Manthara, Kaikeyi’s maid, was upset seeing the celebrations in the city. She rushed to Kaikeyi, wailing: “Kaikeyi, look at this. The entire city is celebrating the coronation of Kaushalya’s son and here you are, sitting and doing nothing!”. “Why, what’s wrong Manthara?”, asked Kaikeyi. “The king is bent on making Rama the king instead of your son Bharat.”, said Manthara. Kaikeyi was perplexed: “And what’s wrong with that? Rama is my son too and he is loved by everyone. So it is only right that he becomes the king”. “You are naïve as ever. Dasharatha promised your father that your son would be crowned king. Have you forgotten about it? And need I remind you that you have two boons? Call the king to your apartment, lay down in a dark room and cast off all your jewellery. Once the king sees your plight he will definitely comply.” “You are right Manthara, which boons should I ask for?” “You will ask Dasharatha to crown Bharata the king. Then, as for the second boon, you will ask for Rama to be banished to the forest for fourteen years.”

The next evening, Dasharatha was called to Kaikeyi’s apartment. When he entered the apartment, he saw Kaikeyi dressed in rags, her hair was left open, and all her jewellery had been cast aside. The king rushed to his queen and asked: “What happened Kaikeyi? Have I done anything to displease you?” “No, but when I saved your life in the battlefield, you have given me two boons. I want you to grant me those boons now.”, said Kaikeyi. The king, unaware of the tragedy that was about to befall on him, smilingly replied: “Dear queen, ask for whatever you want and I will grant it immediately.” “Then, grant me these two boons: First, I want you to crown Bharat as the king and second, Rama should be banished to the forest for fourteen years.” Dasharatha was aghast. He pleaded Kaikeyi to reconsider, but she stood firm, unwilling to listen to the king’s plea. Dasharatha fainted, unable to bear the shock.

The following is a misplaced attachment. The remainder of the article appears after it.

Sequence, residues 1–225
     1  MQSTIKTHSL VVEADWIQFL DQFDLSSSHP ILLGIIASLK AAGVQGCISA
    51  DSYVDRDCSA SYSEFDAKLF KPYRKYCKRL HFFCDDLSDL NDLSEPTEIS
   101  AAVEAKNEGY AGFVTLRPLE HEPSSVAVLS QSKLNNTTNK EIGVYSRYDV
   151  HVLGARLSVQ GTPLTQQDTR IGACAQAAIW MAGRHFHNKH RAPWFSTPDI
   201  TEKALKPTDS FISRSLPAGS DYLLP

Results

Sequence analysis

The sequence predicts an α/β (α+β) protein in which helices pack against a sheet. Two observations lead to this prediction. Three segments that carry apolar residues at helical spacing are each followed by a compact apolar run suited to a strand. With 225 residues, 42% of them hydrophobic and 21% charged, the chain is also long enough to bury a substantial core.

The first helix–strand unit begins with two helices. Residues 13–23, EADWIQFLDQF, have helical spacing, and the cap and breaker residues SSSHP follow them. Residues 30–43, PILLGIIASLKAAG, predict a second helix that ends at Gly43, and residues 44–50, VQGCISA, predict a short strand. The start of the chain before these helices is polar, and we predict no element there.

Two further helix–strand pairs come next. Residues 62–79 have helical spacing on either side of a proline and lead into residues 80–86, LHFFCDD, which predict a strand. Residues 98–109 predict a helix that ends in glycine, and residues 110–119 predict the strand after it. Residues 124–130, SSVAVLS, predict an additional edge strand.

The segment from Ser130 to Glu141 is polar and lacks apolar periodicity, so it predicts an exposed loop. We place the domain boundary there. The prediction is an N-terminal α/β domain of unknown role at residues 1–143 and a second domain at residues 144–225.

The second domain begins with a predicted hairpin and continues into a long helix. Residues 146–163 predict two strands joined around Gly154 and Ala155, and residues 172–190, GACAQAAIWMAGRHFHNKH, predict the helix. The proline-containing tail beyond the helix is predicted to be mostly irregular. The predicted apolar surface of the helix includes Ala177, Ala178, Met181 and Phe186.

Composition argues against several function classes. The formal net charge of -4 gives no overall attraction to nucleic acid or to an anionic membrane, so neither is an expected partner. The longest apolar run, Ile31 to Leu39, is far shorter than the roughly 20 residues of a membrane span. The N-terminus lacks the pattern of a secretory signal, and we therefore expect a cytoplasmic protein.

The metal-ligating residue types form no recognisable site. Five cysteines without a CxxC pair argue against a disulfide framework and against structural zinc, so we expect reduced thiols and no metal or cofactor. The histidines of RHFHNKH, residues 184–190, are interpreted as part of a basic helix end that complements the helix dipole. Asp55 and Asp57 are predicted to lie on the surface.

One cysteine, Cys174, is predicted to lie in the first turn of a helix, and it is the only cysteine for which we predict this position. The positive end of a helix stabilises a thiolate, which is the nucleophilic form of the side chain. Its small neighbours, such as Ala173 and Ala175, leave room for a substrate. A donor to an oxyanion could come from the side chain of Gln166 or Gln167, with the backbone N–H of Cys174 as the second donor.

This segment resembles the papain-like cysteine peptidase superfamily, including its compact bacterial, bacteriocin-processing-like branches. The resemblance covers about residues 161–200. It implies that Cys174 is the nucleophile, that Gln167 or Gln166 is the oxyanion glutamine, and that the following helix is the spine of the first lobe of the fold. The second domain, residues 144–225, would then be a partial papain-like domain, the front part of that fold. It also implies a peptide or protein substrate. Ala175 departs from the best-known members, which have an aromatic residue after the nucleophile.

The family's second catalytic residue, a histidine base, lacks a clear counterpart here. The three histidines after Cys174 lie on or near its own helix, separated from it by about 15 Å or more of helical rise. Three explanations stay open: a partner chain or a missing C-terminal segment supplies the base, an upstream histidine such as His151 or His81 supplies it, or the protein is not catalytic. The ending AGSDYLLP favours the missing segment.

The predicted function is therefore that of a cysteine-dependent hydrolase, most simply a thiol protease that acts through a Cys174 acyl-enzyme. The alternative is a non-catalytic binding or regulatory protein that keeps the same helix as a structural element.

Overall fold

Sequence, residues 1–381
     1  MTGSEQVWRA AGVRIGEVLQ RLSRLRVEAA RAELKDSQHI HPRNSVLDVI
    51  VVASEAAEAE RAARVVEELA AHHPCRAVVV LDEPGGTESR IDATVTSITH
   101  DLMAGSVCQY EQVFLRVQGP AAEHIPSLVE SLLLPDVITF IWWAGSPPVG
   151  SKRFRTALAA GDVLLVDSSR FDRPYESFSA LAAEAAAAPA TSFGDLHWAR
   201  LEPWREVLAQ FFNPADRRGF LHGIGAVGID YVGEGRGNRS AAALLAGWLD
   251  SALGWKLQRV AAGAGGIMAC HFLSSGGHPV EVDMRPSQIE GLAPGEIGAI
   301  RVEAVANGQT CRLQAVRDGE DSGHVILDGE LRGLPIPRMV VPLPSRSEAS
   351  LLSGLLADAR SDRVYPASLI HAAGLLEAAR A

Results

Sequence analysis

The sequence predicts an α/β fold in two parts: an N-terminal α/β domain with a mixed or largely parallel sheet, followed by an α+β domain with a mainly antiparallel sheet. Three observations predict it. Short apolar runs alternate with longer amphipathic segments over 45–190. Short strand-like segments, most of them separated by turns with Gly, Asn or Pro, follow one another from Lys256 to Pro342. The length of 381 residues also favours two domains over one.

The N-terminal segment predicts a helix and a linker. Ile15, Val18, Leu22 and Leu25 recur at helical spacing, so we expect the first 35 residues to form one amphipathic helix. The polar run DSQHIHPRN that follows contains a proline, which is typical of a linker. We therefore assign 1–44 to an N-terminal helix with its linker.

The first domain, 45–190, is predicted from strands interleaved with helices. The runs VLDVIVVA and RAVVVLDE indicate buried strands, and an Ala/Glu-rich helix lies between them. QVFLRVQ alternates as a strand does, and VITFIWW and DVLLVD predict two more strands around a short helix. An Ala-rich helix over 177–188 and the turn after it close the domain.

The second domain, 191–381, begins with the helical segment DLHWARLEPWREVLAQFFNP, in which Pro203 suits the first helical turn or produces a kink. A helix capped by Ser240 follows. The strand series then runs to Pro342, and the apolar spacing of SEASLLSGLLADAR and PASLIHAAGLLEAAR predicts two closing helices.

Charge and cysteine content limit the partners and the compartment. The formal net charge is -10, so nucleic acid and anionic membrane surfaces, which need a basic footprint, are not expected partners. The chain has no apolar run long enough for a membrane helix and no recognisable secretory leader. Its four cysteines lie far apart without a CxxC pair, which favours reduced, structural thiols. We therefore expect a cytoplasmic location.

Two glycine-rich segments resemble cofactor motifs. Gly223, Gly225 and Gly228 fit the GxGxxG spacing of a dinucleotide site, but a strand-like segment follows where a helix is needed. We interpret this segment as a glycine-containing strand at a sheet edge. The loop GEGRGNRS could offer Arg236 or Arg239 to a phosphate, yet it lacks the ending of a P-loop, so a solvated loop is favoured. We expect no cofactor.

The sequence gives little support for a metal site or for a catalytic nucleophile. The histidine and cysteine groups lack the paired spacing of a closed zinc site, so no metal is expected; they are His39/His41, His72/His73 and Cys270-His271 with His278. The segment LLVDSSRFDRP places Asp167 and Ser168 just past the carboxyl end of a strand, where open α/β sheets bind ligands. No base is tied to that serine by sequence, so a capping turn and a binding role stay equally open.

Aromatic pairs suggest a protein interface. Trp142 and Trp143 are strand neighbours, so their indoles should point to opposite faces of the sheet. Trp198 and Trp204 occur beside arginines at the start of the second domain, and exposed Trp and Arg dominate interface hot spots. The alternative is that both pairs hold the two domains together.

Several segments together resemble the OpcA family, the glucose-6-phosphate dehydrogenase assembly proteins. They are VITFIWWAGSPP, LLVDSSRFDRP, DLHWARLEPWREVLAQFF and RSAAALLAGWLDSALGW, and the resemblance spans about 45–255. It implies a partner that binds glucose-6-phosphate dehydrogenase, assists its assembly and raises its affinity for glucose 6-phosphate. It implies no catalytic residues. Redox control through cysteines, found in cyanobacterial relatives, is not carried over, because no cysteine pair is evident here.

To be continued…